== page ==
Typo errors generate small fortune for Google
Have you ever mistyped a URL, only to be taken to a site with related advertising. Such an event has become known as “typosquatting”. Companies and individuals were quick to register domain names such as http://www.goggle.com, http://www.mocrosoft.com and http://www.amazan.com. Typosquatting relies on misspelling a word, or accidentally hitting a key adjacent to the intended one.
“barackobama.com” has a typosquatting index of 19%. The squat popularity factor is the fraction of the most important typo variations of the domain name that are registered by cyber squatters. Such variations include: baackobama.com, baraackobama.com and baracobama.com
Many of the sites earn money from Google’s keyword-generated advertising network. However, a study at Harvard University reveals that Google itself may be benefiting from these typos to the sum of $500 million a year. The approach was thorough. First an exhaustive list of likely typing errors for the 3,264 most popular .com websites, as determined by Alexa ranking, was created. The researchers then came up with as many as 280 alternatives for each site, generating a total of around 900,000 potential URLs. Custom software then crawled around 280 000 of the sites estimating the likely revenue that could be generated, and this was extrapolated to the full set of URLs.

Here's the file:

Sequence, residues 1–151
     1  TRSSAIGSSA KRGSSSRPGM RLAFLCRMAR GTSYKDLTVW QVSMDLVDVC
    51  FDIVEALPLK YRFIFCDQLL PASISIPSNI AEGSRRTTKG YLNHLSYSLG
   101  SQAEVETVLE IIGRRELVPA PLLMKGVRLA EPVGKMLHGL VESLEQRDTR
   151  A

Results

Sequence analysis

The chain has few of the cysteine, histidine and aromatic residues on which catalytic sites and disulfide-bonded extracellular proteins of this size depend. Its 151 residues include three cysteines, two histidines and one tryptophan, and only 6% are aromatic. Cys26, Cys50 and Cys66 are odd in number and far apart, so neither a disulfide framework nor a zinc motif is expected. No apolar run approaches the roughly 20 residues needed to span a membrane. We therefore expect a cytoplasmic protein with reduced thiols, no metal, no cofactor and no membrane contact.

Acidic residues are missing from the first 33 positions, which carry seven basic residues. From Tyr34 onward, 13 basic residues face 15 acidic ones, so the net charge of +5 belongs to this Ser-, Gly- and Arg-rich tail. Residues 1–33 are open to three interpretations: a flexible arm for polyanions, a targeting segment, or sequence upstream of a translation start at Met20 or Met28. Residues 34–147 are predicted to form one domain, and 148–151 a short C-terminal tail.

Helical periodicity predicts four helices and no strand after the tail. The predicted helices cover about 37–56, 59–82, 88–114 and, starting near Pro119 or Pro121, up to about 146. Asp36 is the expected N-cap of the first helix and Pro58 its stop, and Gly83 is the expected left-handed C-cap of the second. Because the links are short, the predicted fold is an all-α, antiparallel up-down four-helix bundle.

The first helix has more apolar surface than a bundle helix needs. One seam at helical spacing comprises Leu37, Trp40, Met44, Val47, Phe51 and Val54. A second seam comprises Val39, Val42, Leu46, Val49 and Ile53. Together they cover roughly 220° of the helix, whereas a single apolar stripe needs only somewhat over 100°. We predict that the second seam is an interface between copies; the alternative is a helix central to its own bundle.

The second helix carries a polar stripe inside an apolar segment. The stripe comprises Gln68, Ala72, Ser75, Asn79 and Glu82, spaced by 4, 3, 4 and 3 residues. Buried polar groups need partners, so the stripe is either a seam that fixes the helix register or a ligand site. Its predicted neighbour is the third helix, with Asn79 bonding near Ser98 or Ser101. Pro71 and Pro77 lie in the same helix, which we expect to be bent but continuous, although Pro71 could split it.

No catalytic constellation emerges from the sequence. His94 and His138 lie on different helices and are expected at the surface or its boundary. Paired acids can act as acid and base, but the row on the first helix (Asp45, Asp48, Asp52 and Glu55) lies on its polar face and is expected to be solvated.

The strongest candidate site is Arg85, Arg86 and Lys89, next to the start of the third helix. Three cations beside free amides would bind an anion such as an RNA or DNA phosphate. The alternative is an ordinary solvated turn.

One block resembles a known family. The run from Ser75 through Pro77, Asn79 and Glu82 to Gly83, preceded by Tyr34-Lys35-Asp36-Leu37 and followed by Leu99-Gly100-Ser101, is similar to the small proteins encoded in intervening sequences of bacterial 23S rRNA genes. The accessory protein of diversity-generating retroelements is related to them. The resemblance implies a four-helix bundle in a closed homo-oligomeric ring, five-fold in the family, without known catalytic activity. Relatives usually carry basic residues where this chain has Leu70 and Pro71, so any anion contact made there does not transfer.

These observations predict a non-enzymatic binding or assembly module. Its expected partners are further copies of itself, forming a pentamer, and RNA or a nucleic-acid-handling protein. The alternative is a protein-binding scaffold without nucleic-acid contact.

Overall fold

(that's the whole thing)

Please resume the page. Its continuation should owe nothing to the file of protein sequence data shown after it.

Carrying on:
The researchers based their calculations on the fact that patterns seen in the sample would be consistent with the web as a whole. They estimated that as many as 68 million people a day visit mistyped URLs. The study showed that around 57 per cent of these sites use Google’s pay-per-click advertising. If all the facts and assumptions are realistic, then the search giant could be earning as much as $497 million a year from the results. Google’s response was to say they would remove advertising from any of these sites, but only if requested to do so. To put the suggested figure of half a billion dollars in to perspective, last year Google’s revenues were $23 billion, of which some 97% came from advertising.